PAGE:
Orioles are in good company nearly everyone's uncertain about their pitching

The Inside Stuff

April 08, 1991|By Bill Tanton

When the White Sox worked out at Memorial Stadium yesterday they were visited by an old friend and adversary, Hall of Famer Jim Palmer.

Somebody asked the ex-Orioles pitcher how the O's are going to be this year.

"It depends on their pitching," Palmer said.

That's the trouble. Orioles pitching is in disarray.

Their best starter, Ben McDonald, was to have pitched today's opener. Instead, he's on the disabled list with a sore elbow. Their best reliever, Gregg Olson, was slowed by shoulder soreness last week, though he's now available to pitch.

Welcome to the club, O's.

Look around the American League East and you'll find that everybody's pitching is in disarray or just plain weak.

That's the nature of baseball these days. Most of the majors' 26 clubs are short of pitching. Some are desperate for it. And to think expansion is coming in '93.

You won't believe which club the Orioles feel has the best pitching in the AL. It's a club that has never had a winning season, that finished 26 games back last year: Seattle, with Erik Hanson, Randy Johnson, Brian Holman and closer Mike Schooler.

If that's the best pitching in the league, the Orioles may not be as bad off as people think. Still, I can't see them finishing better than third.

Jeff Torborg, who won Manager of the Year awards last year by lifting the White Sox to a 94-win season and second-place finish in the West, agrees there's a pitching shortage.

"Nobody's pitching is that strong," said Torborg. "Everybody needs starters."

Going into the season, Torborg is concerned about the health of two of his pitchers, 43-year-old Charlie Hough and Melido Perez. But Torborg is concerned about something else, too, something the Orioles know from personal experience: the letdown after a big season.

Chicago came out of nowhere last year and had a big season. That's what the O's did in 1989, winning 87 games after taking only 54 the year before. Last year the club tailed off to 76 wins and a sixth-place finish.

It's a subject Torborg discussed with Orioles manager Frank Robinson at the All-Star Game last year.

"It's hard to maintain that after a big year," Torborg said. "It'll be hard for us to top 94 wins. But we have good character. We just have to play our game, doing the little things. We won 83 games by two or less runs last year. We have to play with the same level of intensity."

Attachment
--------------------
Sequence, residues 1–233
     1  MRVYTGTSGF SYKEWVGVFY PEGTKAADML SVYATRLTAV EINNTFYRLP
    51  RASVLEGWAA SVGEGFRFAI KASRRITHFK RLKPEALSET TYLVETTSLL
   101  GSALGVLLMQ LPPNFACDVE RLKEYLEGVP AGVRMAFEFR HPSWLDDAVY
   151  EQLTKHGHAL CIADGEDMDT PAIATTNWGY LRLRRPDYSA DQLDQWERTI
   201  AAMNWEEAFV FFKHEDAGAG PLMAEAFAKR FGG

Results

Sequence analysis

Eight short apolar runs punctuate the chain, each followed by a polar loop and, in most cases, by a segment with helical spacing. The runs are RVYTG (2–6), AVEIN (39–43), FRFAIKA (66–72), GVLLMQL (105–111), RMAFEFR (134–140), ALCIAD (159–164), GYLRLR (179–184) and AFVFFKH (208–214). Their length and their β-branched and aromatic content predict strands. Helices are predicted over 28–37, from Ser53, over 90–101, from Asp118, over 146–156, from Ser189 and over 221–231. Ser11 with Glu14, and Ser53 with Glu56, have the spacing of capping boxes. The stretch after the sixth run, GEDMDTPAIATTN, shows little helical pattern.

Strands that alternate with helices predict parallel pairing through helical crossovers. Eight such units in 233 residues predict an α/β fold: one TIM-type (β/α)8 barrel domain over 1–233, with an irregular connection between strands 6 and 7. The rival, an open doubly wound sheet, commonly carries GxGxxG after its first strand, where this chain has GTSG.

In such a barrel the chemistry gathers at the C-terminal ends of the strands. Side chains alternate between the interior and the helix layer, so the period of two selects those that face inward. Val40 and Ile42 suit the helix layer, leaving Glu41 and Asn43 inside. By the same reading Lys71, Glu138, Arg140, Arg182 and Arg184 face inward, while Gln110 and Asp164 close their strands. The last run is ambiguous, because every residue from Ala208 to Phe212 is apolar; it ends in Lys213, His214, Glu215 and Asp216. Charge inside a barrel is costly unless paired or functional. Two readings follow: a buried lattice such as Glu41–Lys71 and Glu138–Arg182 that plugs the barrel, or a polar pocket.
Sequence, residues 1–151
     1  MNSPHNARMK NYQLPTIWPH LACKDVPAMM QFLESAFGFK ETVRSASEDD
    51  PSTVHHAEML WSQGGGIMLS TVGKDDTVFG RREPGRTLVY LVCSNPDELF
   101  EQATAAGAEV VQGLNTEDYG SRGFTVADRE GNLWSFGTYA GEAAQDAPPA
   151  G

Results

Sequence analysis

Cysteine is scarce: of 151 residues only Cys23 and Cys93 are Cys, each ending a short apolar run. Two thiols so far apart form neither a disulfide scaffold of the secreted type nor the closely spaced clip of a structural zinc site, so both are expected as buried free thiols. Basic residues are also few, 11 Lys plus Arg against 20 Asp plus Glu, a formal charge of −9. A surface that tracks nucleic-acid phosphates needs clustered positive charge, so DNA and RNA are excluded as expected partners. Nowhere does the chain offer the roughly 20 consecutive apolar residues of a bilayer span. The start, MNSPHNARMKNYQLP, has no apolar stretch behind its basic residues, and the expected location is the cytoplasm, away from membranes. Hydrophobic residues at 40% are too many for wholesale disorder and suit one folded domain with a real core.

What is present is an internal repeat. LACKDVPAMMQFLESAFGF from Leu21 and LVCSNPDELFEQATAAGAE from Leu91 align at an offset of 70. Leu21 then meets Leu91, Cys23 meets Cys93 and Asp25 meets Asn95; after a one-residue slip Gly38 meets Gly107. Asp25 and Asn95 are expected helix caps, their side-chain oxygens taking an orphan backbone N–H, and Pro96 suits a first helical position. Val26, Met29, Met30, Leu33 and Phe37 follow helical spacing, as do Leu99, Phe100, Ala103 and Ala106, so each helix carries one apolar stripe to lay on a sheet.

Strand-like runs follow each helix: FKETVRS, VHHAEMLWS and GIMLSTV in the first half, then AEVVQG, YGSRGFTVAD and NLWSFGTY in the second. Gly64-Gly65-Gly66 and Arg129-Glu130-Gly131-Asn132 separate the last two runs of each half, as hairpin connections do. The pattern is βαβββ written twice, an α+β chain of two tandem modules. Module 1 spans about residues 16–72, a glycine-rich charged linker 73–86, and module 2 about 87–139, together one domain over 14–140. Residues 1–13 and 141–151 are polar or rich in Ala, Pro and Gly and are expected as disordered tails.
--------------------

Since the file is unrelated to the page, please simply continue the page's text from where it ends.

There's another striking similarity between the Orioles and the White Sox. The Chisox last year said goodbye to ancient Comiskey Park. The club will christen Comiskey Park II in 10 days. The Orioles, headed for Camden Yards in '92, have their final Opening Day on 33rd Street today.

"We had that in Chicago last year," said Torborg, "the final Opening Day at an old park the fans were used to. For a lot of people, that was sad. It hurts to see the last game at a park where you may once have gone with someone who's no longer with us.

"I remember when I was a kid going with my dad to see the Giants at the old Polo Grounds in New York. I know how I felt when they tore that down."

That's very sensitive on Torborg's part. When you reflect that way on leaving Memorial Stadium, it's enough to make just about any one of us feel sentimental.

* Carlton Fisk, the White Sox catcher, is truly amazing, and not just because he's 43 years old and is in the starting lineup today. Fisk had arthroscopic surgery on both knees last year.

"Fisk is special," says his manager, Torborg. "When you have a guy like him who's on his way to the Hall of Fame, you use him. His presence in there means a lot. We don't know how he's going to hold up but we're going to start him and see how far he can go."

* Chicago shortstop Ozzie Guillen welcomed the quiet of the empty stands during yesterday's workout at Memorial Stadium. He knows that Baltimore baseball fans, who packed the place today, are not happy that he won the AL's Gold Glove Award last year.

They feel, naturally, that Cal Ripken Jr. should have won it after a year in which he broke at least 11 major-league or AL defensive records.

I'd like to think our fans, during this two-game series here against the White Sox, will show respect for Guillen's talent and his play in 1990. After all, he didn't have anything to do with the voting. He just played -- and what a year he had: .279 average, 58 runs batted in, 17 errors (to three by Ripken).

"It's a great honor to win the Gold Glove," the 5-foot-11, 150-pound Guillen said with a smile. "But that was last year. This is a new year."

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